My son Billy and his pals recently hooked up for one of the WrestleMania events. They’ve been doing that since they were kids, and they still enjoy watching the slapstick hilarity whenever they get the chance. And Billy’s now passing the tradition down to my grandson John. John will be the fifth generation of my family to enjoy the antics of the professional “grapplers”.
Way back when I was a kid we would watch professional wrestling every Saturday afternoon on TV. Often it would be my brother and I, along with one or two friends. My dad would also watch if he wasn’t administering first aid to one of the many used Ramblers he drove, or one of the neighborhood kid’s bikes. My Grandfather who lived with us for a time also enjoyed the wrestlers; so long as his favorites were winning.
Slammin Sammy Menacker hosted the Saturday afternoon TV bouts for many years. Sammy was a retired “professional wrestler”, so he knew the ropes, so to speak. Sammy was a “good guy” and often quarreled with the “bad guys” or “heels” that performed on the show.
We all had our favorite wrestlers, and of course the different generations had favorites mostly from their own generation. My dad was a fan of Gypsy Joe and Gorgeous George in his earlier years. Later he came to like Bruno Sammartino, Vern Gagne, and Lou Thesz, among others. He wasn’t quite as passionate about wrestling as the rest of us; he lived in the real world and had little time to dwell on such fantasy.
My grandfather was by far the most excitable family member regarding the weekly grappling performances. Normally he stayed in his room, not one to bandy about with the younger generations; but come three O clock Saturday afternoon; he was parked in front of the TV along with the rest of us. Being from the “old country”, he of course favored any wrestler of Italian ancestry. And above all others he loved Argentina Rocca, the popular Italian wrestler who hailed from South America.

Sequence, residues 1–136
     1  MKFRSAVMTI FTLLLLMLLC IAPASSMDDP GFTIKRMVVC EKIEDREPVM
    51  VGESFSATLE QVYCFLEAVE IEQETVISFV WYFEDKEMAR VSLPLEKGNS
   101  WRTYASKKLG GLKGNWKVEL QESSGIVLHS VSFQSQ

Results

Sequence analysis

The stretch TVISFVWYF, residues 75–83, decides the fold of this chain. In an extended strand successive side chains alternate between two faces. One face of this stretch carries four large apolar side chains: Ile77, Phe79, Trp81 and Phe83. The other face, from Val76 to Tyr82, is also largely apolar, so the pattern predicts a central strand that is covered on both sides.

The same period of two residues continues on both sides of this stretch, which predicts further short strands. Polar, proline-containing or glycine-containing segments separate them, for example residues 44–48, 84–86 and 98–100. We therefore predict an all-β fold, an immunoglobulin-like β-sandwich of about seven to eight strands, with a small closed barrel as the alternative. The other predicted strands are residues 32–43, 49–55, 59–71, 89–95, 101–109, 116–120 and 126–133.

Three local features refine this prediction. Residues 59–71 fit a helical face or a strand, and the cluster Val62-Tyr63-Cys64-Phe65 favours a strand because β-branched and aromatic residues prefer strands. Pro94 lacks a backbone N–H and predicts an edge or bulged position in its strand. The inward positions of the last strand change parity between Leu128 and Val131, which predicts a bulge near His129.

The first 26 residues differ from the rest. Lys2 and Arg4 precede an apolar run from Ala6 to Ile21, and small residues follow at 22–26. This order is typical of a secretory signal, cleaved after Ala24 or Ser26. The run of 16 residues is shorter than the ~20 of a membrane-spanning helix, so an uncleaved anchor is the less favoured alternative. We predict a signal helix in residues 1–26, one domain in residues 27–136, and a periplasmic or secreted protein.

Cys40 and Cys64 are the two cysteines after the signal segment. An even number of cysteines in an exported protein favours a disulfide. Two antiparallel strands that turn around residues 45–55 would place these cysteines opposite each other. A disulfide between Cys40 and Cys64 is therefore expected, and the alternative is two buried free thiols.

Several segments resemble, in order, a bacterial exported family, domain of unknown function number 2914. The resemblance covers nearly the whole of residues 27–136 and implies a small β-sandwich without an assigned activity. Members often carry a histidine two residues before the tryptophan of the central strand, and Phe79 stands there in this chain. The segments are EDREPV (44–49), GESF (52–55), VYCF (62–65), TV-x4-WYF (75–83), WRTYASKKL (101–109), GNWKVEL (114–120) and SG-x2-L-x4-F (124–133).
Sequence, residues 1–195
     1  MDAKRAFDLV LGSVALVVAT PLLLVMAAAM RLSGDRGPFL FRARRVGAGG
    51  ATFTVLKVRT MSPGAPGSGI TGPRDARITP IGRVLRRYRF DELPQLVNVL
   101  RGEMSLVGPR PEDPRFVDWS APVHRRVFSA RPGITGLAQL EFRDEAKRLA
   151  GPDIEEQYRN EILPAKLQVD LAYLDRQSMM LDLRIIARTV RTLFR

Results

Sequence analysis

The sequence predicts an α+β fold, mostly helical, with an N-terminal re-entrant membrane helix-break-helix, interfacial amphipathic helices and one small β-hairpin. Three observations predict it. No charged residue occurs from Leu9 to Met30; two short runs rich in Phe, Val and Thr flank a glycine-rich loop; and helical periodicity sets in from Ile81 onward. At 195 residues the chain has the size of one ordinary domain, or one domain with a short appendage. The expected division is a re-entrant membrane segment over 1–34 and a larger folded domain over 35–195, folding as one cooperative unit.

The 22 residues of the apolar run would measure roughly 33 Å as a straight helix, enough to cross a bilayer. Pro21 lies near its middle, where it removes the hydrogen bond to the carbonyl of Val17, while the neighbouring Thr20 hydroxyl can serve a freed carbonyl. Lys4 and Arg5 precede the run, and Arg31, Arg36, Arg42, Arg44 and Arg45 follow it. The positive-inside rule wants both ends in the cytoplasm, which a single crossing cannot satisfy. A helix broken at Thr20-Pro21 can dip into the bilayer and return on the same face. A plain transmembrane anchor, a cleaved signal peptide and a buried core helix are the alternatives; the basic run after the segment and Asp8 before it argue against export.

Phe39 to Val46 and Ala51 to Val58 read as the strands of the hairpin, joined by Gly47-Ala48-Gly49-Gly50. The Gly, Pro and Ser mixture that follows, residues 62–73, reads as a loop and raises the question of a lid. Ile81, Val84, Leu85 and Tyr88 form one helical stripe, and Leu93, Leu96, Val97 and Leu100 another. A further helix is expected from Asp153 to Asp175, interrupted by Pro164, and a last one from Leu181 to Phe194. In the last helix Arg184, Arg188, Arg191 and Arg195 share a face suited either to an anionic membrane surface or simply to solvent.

Normally the wrestling bouts featured a “good guy” VS a “bad guy”. However once in a while two “good guys” would wrestle each other, and when that happened everyone would frown and leave the room for bathroom breaks and such. Those matches were yawners as far as we were concerned; good VS evil was where the action was!
My grandfather’s demeanor would change considerably during these wrestling events, especially if his buddy Argentina Rocca wrestled. He would pump his fist, grumble and stew, as the “bad guy” predictably worked over the agile Argentinian for the first few minutes of the bout. The referee would come under particular derision from him, and when Argentina Rocca finally turned the tables on the villain Grandpa would jump up, shake his fist and yell “die you somabitch, die!” Occasionally the villain’s chicanery would be too much for the old man; he would stomp his one good foot, march into his bedroom, slam the door and refuse to come out for the rest of the day. When this occurred, no amount of coaxing by my Mother could lure him out. (Other members of the household felt no need to rush him)